The two-bit distortions in A Million Little Pieces that landed squirming memoirist James Frey on Oprah Winfrey’s couch of shame last year were chump change compared with the million-dollar lies served up by Clifford Irving some 35 years ago. Back in 1971, Irving, an unexceptional novelist known best, if at all, for his biography of an art forger, dazzled the fancy New York publishing world with the memoirs he wrung from top secret interviews with legendarily reclusive billionaire Howard Hughes. Only the author never met Hughes. Not once. He made the whole book up, served a prison sentence of 14 months, then went on to write his own memoir about making up the memoir.
Silver-foxy Richard Gere (pictured with Hope Davis) is not the first suave Buddhist I’d think of to play dark, curly, Jewish New Yorker Irving, but the quick-witted Gere who schemes and fast-talks his way around the snappy, plugged-in scam saga The Hoax is like no Gere I’ve seen before. (For that matter, creator of Chocolat-coated Hollywood dessert movies Lasse Hallström isn’t the first filmmaker I’d think of to exhibit such adult zing, but this is the best thing the director has done since What’s Eating Gilbert Grape.) Permed and dyed to verisimilitude, a bit pouchy of build and packed into jackets that mean to look sharp but only look eager to look sharp, Gere takes to the outlandish liar he plays with what might well be called impassioned honesty.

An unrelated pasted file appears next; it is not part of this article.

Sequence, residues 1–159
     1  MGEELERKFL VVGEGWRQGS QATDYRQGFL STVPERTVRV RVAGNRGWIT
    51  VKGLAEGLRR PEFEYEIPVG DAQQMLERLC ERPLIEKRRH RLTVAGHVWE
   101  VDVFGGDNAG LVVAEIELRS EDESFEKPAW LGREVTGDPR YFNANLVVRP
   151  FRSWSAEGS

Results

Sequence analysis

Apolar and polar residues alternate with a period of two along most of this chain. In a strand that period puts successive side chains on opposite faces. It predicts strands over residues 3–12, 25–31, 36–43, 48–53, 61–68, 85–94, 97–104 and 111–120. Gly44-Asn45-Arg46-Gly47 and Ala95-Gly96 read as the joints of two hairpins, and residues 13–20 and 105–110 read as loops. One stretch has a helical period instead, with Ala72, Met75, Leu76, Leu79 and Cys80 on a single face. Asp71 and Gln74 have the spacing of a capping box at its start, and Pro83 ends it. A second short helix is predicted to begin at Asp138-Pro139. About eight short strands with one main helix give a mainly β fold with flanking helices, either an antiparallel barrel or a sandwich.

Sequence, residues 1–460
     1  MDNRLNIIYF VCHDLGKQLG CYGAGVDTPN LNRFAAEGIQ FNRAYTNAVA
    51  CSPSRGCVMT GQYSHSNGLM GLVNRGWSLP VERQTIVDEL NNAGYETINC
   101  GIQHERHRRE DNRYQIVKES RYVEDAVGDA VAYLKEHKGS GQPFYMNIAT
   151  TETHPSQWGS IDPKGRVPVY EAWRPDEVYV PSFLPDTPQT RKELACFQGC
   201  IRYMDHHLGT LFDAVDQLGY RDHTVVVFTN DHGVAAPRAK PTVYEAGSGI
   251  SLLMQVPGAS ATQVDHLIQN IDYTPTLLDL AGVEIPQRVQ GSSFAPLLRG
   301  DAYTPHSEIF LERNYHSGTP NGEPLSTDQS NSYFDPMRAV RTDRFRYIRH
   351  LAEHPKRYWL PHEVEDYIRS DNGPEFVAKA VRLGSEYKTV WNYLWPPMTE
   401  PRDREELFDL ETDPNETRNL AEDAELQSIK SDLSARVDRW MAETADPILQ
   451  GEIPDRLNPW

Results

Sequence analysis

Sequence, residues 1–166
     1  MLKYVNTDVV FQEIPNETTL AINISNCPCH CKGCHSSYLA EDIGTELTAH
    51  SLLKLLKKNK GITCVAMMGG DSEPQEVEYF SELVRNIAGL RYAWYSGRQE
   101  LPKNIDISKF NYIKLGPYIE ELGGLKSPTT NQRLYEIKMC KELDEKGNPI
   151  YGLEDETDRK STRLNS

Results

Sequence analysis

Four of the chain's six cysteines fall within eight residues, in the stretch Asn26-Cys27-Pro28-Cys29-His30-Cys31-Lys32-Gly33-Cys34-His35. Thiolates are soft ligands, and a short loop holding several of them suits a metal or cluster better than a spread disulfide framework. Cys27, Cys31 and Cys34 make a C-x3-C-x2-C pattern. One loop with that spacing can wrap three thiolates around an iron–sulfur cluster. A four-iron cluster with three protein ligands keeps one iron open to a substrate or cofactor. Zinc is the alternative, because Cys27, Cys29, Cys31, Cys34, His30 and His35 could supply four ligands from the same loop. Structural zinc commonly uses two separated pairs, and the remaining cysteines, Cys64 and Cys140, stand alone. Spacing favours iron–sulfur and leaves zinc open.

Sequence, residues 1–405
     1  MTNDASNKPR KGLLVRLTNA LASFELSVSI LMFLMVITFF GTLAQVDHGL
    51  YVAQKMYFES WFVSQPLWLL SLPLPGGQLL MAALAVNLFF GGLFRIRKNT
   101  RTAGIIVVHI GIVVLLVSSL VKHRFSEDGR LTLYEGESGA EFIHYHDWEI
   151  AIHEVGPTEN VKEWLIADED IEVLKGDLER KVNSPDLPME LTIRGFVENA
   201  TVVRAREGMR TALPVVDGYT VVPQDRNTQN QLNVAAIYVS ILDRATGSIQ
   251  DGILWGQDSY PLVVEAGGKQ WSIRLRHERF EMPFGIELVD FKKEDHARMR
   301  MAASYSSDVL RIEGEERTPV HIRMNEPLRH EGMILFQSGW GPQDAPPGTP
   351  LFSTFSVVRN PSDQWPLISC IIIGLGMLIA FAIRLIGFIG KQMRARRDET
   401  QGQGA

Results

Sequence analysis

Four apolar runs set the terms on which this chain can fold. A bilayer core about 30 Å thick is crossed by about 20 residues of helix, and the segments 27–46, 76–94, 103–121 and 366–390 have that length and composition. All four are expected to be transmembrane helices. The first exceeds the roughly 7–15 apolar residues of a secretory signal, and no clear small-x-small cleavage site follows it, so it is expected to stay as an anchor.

There’s no understanding what made Irving do what he did or, indeed, how he managed to get as far as he did — how he sold his brazen blarney to a publisher as upstanding as McGraw-Hill, how he forged Hughes’ handwriting, or how he bedazzled and bullied his devoted, needy best friend Dick Suskind (Alfred Molina, reaching greatness in the portrayal of pathos) into participating as researcher and henchman. But Gere is terrific at suggesting the kind of addictive cocktail of excitement, panic, chutzpah, creativity, and naked hunger for fame and megabucks that might inspire such big, fat lies. Marcia Gay Harden, for her part, uses spare strokes to paint a vivid picture of Irving’s Swiss-German wife, Edith, who was in on the money shenanigans. Julie Delpy plays Irving’s sometime mistress Nina Van Pallandt, who would (in a neat bit of Buddhist karma) later go on to appear opposite the young Richard Gere in American Gigolo.
True facts about Irving’s falsehoods are only the starting point here. The Hoax expands and darkens, in the sophisticated script by under-the-radar screenwriter William Wheeler, to comment on the deception and power games that defined Watergate-era America. Don’t forget, while this literary funny business was afoot, the Vietnam War was dragging on under the auspices of a paranoid president who couldn’t shake off the unflattering nickname ”Tricky Dick.” There are lies — or at least fictions, fantasies, and conjectures about Irving — thrown into The Hoax. But the movie’s aim is true.